Taught, then Self-Taught
IMPLICIT BIAS (Stanford School of Medicine definition): A positive or negative mental attitude towards something which a person holds at an unconscious level.
WordsAhead intends to disrupt institutional wisdom by influencing parents, tutors and educators to teach speech sounds – rather than ABCs or any alphabet-based notion – as the default infrastructure for both spoken and written language.
WA wants to create an implicit bias favoring sound-parsing (phonemic awareness) but avoid muddling its focus with commingled phonics jargon (Long-A, Short-A, B-Sound, Hard-C, Soft-C, etc.). WA uses *new* names for English speech sounds, V01-C39.
EXPLICIT BIAS is an attitude a person is consciously aware of.
*CloudSpelling* is an example of explicitly biased sound-based instruction. WA urges ubiquitous opportunities for vocabulary instruction – including pronunciation and spelling – ahead of all formal so-called “content” instruction so that students can be completely primed to meet teacher expectations. WA waits for demonstrable evidence that learners are actually being taught to spell-out speech sound units, not to sound-out ABCs.
Tools for this new paradigm have not yet been built because research and development remains incomplete. Ironically, research and development remains incomplete because tools for this new approach are not yet built.
Nonetheless, biases will be automatically fostered from very early ages. Our brains are naturally hard-wired to hear first, read second, but formal curriculum changes the flow. Many brains obviously compensate around distortions or blatant misinformation to simply carry on.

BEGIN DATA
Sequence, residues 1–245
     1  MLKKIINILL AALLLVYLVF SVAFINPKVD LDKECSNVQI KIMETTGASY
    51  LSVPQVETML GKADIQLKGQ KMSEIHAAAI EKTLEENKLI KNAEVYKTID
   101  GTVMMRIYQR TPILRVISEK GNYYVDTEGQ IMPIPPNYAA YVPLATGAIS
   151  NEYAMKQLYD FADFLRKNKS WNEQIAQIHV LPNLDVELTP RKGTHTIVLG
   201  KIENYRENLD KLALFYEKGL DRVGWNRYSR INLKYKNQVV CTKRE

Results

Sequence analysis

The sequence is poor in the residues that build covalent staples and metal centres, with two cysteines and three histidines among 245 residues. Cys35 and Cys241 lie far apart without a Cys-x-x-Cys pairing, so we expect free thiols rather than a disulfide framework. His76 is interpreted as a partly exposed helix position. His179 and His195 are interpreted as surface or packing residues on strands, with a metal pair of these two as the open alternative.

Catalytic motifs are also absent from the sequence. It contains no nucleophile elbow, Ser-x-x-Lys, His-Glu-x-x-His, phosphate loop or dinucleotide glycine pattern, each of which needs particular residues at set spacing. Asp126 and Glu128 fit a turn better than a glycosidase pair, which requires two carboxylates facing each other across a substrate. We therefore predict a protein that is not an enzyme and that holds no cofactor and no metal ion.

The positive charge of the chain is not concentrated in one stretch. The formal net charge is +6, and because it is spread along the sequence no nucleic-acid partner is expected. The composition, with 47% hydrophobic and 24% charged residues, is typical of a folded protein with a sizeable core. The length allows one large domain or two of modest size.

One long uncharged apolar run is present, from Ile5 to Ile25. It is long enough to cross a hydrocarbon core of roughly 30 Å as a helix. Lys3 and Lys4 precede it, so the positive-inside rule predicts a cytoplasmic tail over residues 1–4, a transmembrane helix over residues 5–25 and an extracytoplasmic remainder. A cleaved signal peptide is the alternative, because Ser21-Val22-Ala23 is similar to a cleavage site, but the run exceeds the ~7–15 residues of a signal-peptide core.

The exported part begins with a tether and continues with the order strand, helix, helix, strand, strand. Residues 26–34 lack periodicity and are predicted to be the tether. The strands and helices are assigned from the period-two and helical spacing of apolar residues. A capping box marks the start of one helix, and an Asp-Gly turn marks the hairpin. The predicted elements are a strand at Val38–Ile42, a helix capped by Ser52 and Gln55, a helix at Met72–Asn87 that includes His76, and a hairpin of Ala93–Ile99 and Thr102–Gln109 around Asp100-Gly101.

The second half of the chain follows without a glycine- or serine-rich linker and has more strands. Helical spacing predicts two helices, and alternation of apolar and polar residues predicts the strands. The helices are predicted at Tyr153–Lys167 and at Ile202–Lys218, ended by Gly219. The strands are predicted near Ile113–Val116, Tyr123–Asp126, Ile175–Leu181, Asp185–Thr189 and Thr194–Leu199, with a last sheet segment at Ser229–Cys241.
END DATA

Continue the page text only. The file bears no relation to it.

In her January 26, 2015 article for The New Yorker [The Cobweb: Can the Internet be Archived?], Jill Lepore explores many organizational and ethical issues related to internet information. WA alleges that relevance is the linchpin to successful learning. Deep language analysis is a righteous intrusion if it means that every person’s underpinnings for both granular and global language study can be explicitly correct.
Time being, many people are functionally deaf and remain unsure about how language actually works. Sounds are sounds, period. Spoken language may or may not get letter-representations, period. But all vocabulary can be heard, said, spelled and read… exclamation mark!
Doing research in a paper archive is to
doing research in a Web archive as
going to a fish market is to
being thrown in the middle of the ocean;
the important thing they have in common is that both involve fish.
One’s study of any particular lesson (whether in a classroom or virtually on an electronic device) will be more focused than simply living one’s day-to-day life surrounded by swimming speech sounds. One must become confident to catch any cluster of relevant sound-fish and enjoy a delicious and nutritious word-meal with friends!